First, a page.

Walter Smith became interim manager of Rangers in April 1991 following the departure of Graeme Souness. With the league title all but secured, Smith guided Rangers over the finishing line and was appointed manager on a permanent basis in May 1991.
Under Smith, Rangers won the next six Scottish League titles, equalling Celtic's record of nine titles in a row set under the legendary Jock Stein.
Over the course of that six years, Smith was allowed to spend £50m on players, including world class talents such as Brian Laudrup and Paul Gascoigne. No other club in Britain spent as much in the period. For most of this time, Celtic were also-rans, as the club was run steadily into the ground in the twilight years of the old Kelly-White dynasty which had run Celtic as their personal fiefdom since the late 19th Century.
Only in the final two seasons of Smith's original tenure did Celtic present a credible challenge for the title.
Smith left at the end of the 1997-98 season, although his departure was announced in October 1997. He later revealed that while the press were told he and David Murray had decided between them that his time was up, Murray had actually told him he would be leaving at the end of the season, feeling that Smith had taken Rangers as far as he was able.
Smith returned to Rangers in January 2007, having walked out on the Scottish national side to do so, to replace the departed Paul le Guen, who had been forced to work on a very tight budget and a fractious group of players who treated him with open disdain as he tried to instill some professionalism into the playing squad.
Almost immediately, Rangers spent £2m on Hibernian FC's highly-rated midfielder Kevin Thomson, and indication that the club was about to embark on a spending spree to overhaul Celtic who clinched their second successive title that year.
A spend of about £10.5m in season 2007-08 saw Rangers reach the UEFA Cup Final, sending most of the continent to sleep in the process with the infamous, "Wattienacchio" defensive system that was later termed, "anti-football" by Leo Messi.
They again failed to win the SPL though, with Celtic clinching the title on the final day of play, defeating Dundee Utd FC as Rangers lost to Aberdeen FC.
Rangers met with disaster in August of 2008, as they exited European competition at the hands of Lithuanian minnows Kaunas, meaning that there would be no UEFA Champions League revenue for season 2008-09.
Despite this, to general astonishment, Rangers splurged even more cash. Steven Davis, Pedro Mendes, Madjid Bougherra, Kenny Miller, Maurice Edu and Kyle Lafferty were signed following their European exit, a transfer spend that eventually totalled £18m.
By January 2009, owner Sir David Murray informed the fans that £3m needed to be raised in the transfer window, or, "bad things would happen." Top scorer Kris Boyd refused to leave for Birmingham City FC, no one was sold, and Rangers clinched the title on the final day of the season to cement Walter's reputation as a coach of some distinction.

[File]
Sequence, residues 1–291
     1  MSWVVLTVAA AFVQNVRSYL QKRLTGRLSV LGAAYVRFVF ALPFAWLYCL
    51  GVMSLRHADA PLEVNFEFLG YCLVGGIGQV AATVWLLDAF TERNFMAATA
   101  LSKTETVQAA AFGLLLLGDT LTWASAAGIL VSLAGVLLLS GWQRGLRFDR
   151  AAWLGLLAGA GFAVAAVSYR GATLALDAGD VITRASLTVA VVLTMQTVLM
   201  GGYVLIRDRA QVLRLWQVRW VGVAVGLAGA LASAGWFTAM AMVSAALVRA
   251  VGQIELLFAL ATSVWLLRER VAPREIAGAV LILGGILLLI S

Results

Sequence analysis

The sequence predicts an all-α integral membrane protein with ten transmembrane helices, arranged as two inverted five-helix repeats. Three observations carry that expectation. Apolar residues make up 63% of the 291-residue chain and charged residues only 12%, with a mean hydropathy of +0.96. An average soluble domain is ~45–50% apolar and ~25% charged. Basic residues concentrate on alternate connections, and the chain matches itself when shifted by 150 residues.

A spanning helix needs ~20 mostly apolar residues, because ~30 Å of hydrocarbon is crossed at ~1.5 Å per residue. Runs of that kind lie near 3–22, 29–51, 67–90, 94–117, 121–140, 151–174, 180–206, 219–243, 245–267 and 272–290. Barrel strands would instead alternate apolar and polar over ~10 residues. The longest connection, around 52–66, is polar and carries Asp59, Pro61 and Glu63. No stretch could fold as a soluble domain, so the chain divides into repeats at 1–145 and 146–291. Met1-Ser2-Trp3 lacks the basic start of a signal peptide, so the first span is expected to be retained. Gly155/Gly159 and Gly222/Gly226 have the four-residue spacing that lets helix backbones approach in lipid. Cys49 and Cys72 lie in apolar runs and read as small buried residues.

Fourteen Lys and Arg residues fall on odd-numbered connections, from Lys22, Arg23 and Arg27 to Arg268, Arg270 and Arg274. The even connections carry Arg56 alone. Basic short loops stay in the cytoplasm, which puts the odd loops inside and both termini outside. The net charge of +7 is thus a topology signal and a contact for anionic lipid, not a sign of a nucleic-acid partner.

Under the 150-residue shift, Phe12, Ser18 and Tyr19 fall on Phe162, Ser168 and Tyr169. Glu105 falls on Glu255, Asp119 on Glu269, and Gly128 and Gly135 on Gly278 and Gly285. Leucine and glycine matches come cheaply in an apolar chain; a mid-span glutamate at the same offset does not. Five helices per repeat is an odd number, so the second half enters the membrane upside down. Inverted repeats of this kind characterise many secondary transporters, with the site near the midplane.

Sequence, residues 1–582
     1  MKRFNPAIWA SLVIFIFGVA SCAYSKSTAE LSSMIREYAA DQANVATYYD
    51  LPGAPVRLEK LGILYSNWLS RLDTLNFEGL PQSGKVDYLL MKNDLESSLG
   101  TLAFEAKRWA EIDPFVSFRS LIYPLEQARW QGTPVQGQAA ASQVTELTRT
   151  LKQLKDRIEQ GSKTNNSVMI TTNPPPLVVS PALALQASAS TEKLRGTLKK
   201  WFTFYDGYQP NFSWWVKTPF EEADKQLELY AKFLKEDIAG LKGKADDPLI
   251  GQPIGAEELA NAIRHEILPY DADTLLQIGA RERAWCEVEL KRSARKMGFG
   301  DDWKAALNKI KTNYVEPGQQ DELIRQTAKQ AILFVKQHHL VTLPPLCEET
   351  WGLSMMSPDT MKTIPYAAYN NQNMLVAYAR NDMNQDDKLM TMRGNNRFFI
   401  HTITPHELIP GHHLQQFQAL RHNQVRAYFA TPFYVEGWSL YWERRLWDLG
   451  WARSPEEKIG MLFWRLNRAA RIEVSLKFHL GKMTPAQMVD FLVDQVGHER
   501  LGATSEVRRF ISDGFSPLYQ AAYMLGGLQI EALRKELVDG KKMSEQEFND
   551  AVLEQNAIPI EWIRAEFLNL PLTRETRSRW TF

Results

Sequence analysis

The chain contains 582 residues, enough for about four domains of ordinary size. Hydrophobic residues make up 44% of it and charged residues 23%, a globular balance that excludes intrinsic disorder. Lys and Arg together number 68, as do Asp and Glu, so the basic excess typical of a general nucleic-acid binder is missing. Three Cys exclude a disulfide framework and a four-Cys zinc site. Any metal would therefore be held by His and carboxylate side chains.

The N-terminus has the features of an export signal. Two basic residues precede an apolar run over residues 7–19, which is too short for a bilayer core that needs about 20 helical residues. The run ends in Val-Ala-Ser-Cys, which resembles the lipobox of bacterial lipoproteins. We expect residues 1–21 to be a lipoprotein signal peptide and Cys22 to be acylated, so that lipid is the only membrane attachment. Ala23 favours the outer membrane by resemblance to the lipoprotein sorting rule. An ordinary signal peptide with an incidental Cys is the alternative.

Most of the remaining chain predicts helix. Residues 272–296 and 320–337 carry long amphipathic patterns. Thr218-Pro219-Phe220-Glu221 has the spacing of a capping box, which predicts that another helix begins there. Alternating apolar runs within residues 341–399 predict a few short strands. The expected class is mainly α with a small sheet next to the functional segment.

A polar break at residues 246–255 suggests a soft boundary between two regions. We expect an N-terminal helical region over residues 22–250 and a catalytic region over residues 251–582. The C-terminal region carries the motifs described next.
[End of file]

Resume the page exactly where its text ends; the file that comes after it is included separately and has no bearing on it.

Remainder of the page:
Bad things were indeed happening behind the scenes at Rangers by the summer of 2009, and their only signing in the 2009-10 season was a loan deal for Frenchman Jerome Rothen, who left in the January transfer window having made no discernible mark on the team.
It was though, the Season of the Honest Mistake, as Tony Mowbray's Celtic were on the receiving end of an astonishing series of refereeing decisions, all of which they took on the chin as Rangers won the title by six points, their biggest winning margin since the 1999-00 season.
Despite the bank keeping a tight control on Rangers' finances, and a tax bill in excess of £40m being presented by HMRC, in 2010-11, "Walter" was allowed to again outspend the competition, laying out £6m in transfer fees, including the never-paid-for Nikica Jelavic, whose goals in the second half of the campaign were vital in securing the title for Rangers by a single point.
In each of his two spells as Rangers manager, Walter Smith enjoyed a significant financial advantage over all of his rivals, spending £26m in his second spell in charge to add to the £50m he spent in the 1990s.
While all and sundry in the Scottish press lauded "Walter's" achievement in winning three titles in a row on a shoestring, it was conveniently forgotten that throughout that time, Rangers had by a distance the most expensively-assembled squad in the SPL.
Don't forget either that Smith spent that £26m while HMRC were demanding almost £50m in unpaid taxes. Rangers made no attempt at all to put any money aside to pay the tax bill in the event of the First Tier Tax tribunal finding against them.
Like Advocaat, Smith may have spent the money, but it should not be forgotten that someone else sanctioned the spending.